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We have electrical outlets in two bathrooms on the same GFCI breaker. I would like to put a GFCI outlet for the only outlet in the guest bathroom so it can be easily reset if tripped.

Can this be done with the GFCI breaker?

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Yes, it can be done. There is no problem having a GFI fed from another GFI. The only down side is troubleshooting. If something is causing a trip you have to isolate one first to see where the problem is.

My advice is to replace both receptacles with GFI and install a standard breaker. You get the same protection but more convenience. All for only a few dollars more.

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    Yes, I think this is the correct solution. – Chris Cudmore Nov 4 '14 at 18:21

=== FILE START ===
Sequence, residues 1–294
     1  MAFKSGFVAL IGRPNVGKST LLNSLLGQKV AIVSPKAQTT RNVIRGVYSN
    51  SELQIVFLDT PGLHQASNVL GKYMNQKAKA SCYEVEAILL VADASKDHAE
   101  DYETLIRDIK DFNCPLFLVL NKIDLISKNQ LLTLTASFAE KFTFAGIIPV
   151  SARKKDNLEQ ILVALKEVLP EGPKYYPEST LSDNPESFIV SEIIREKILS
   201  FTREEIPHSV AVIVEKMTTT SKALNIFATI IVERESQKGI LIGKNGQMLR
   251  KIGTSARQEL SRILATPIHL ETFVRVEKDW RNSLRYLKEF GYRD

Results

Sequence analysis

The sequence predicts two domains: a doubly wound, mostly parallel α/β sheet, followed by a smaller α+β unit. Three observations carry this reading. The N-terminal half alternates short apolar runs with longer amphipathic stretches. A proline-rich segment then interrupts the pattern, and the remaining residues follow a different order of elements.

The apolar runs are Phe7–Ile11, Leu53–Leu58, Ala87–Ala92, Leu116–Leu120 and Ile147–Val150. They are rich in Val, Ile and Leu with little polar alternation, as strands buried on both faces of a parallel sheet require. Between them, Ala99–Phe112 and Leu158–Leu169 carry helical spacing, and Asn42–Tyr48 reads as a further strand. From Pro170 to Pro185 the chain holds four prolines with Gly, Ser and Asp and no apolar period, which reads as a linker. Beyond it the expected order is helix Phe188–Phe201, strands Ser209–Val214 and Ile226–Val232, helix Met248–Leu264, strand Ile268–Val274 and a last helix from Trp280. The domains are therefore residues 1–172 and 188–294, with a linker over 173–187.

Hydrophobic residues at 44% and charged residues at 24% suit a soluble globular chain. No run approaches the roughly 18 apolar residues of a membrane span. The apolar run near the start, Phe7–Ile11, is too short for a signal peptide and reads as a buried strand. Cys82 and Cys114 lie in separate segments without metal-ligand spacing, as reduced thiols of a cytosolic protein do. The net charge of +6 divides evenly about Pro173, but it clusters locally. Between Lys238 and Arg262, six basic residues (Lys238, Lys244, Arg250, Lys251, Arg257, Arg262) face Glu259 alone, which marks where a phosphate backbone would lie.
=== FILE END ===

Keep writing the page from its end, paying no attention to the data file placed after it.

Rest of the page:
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    The other issue is that if you have a ground fault in the guest bathroom, there's no guarantee that the outlet GFCI will trip before the breaker GFCI. You may still have the breaker tripping. – DoxyLover Nov 4 '14 at 20:54
  • @DoxyLover hence why he recommends replacing the receptacles with GFCI and installing a standard breaker -- so you don't have this problem. Of course you still have the problem of figuring out which outlet tripped if you're on the "second" outlet and it goes out, but that's a relatively minor inconvenience as opposed to having to reset a breaker. – Doktor J Nov 7 '14 at 3:42
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If there is a fan on the bathroom circuit, above the shower, you need to retain the gfci breaker on that circuit.

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    Welcome to DIY.SE! Can you provide a source for this? – mmathis Mar 8 '17 at 21:21
  • This likely depends on the listing and labeling of the fan... – ThreePhaseEel Mar 8 '17 at 23:24

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